Comparison of the Most Valuable Brands of 2014: How Google Overtook Apple at the No. 1 Spot


Tipping Point author Malcolm Gladwell once described Steve Jobs’ perfectionism not as an inventor but a tweaker. “His gift lay in taking what was in front of him—the tablet with stylus—and ruthlessly refining it.” Jobs would be infamous for perfecting his iPhones and iPads and launching them to success. Years hence, the same perfectionism disease may be pulling Apple back.

Last year, Google overtook Apple as the number one most valuable brand after holding the top post for three consecutive years. The latest infographic prepared by our website gives a quick review on the top 10 brands in 2014 by BrandZ (the same source used by Forbes). But let’s go beyond the list.

Industry observers believe Apple’s calculated process to churn out a perfect product slows down its progress. If they are to be believed, the race is to the swift and Google has been launching new and more innovative projects faster: Google Glass, Internet of Things, Google Maps and Google Music All Access are some of the exciting goings-on announced at the last I/O conference. Sure, Apple had its own releases last year, iPhone 5S and 5c, but the smartphone arena is getting a little boring. Apple needs some oranges.

Not that Google engineers work faster or are more innovative. The search giant has the habit of releasing beta versions and admitting to the public that, yes, they should expect glitches and imperfections; Google needs your feedback to perfect the product (they found the best excuse: crowdsourcing!). While Apple engineers slave away for months in their lab caves looking for the Holy Grail, Google engineers are already half drunk in cocktail events announcing their latest projects. That’s just a hypothetical situation, but you get the picture.

Sometimes we think Apple set a high standard for itself. Consumers and investors now expect no less than disruptive products in every Apple launch the way of iPod/iTunes, iPhone and iPad. When that doesn’t happen, people scratch their head in disappointment.

Bagging the top brand, after all, is perception mixed with actual value, much like how stocks rise and fall, and Google knows how to play this game. It can even spice up the tiniest change. Recently, Google tweaked its logo. The change is almost indiscernible involving kernings, a typeface jargon about character spacing; in Google’s case the l was aligned with the bottom of e by one pixel. Here’s a peek where you can see the difference courtesy of an eagle-eyed G+ user. Admittedly, I did google “kernings.”

Can Apple get its position back next year? Check out this infographic and learn more:

valuable-brands-infographic

 

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Category: Comparisons, Featured Articles, Ideas Worth Spreading, Infographics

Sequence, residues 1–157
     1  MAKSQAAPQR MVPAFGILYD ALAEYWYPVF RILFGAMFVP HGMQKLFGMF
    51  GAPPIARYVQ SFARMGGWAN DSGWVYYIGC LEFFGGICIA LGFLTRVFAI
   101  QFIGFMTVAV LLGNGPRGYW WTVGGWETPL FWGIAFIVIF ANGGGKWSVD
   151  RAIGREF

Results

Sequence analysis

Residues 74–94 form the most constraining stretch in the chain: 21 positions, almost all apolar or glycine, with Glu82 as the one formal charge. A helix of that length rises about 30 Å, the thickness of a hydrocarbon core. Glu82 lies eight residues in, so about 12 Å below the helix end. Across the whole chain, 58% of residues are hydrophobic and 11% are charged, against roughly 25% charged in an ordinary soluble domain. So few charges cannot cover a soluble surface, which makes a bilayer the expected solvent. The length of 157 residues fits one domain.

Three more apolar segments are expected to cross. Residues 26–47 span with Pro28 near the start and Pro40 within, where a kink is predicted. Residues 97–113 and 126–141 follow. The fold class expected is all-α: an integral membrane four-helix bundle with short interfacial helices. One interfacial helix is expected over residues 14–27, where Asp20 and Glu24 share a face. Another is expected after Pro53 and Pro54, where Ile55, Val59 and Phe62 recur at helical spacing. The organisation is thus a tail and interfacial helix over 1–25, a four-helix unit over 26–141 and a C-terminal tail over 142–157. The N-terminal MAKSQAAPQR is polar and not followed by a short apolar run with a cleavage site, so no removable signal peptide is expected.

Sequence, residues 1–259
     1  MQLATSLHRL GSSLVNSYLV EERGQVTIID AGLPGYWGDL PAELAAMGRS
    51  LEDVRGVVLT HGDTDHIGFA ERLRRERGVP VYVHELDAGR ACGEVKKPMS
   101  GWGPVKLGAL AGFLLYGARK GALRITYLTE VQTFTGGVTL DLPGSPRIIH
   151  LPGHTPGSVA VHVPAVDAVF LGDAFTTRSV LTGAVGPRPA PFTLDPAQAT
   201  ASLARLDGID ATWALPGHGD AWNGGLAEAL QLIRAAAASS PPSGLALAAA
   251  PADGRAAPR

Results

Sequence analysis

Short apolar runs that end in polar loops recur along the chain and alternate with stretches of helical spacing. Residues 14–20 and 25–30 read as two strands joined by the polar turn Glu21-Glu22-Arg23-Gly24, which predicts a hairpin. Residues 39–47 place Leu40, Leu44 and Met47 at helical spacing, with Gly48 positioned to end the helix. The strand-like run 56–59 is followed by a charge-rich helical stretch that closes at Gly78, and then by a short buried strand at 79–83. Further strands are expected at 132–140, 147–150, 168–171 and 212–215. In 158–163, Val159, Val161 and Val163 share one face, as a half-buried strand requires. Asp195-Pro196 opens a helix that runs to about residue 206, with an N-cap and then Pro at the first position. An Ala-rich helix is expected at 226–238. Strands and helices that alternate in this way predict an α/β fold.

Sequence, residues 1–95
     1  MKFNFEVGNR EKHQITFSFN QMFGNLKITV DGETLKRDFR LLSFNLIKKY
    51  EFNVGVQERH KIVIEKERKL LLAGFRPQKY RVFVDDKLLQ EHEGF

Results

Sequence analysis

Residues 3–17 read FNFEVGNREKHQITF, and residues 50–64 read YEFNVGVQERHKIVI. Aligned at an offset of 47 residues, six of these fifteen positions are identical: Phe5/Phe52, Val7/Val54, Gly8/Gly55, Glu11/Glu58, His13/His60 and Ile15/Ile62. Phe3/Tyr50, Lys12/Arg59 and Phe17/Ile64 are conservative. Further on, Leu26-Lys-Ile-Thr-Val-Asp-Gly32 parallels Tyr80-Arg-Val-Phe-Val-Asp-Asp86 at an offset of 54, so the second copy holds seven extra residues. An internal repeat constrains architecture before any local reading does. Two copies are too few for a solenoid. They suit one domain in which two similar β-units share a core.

3 Comments »

  • GoogleGogol says:

    Google rules the world! I don’t even think there’s a comparison. As you said , Apple sticks mostly to mobile devices and cloud services. Even in the area of mobile, Apple is being beaten by more aggressive competitors. The iPhone is getting to be so boring (aside from the painfully small screen)…there’s been no innovation since the death of Steve.

  • Semaphore says:

    Am an Apple user by force of habit. Still waiting for another religion to take me away from the cult of Mac. Granted that Google is a giant compared to Apple, I still love the Mac because of its intuitive interface and its usability for graphic design professionals like me. A lot of people say it’s expensive but hey, it’s virus free and you really get quality for the price.

    • G Thomase says:

      The Mac is a great machine, but virus free it is not. I have been using Mac since it came out in 1984, and made the change from traditional Graphic design to digital in 1986 with Aldus PageMaker and gladly added Photoshop and other tools as soon as they were released. I know Mac inside and out and I am a big fan, but I and other design firms like my own, have been hit by viruses every so often.

      I also use PCs and Windows 7 (I do not like Win8 yet) and find that because of the versatility and the cost of the hardware, I am able to equip more staff with the latest technology in speed, power and graphics far cheaper and quicker than I can the Mac and that keeps me on the cutting edge always.

      Mac is great, but I find the Windows interface just fine once you get used to it, and my staff (most of them Macintosh users) love the equipment. Besides, most of the best software (from 2d to 3d, audio and video) is the same, or similar on both machines, so the difference in hardware abd graphics output is the real difference for me.

      As for Google, I am not into companies that do not care if the “little” changes they make in their search engine algorithms destroy companies. Many legitimate companies lost big time when Google last made a major change to their search engine. They did it without notice and companies lost. Google does not care for anyone or anything but their profit. I am not a fan.

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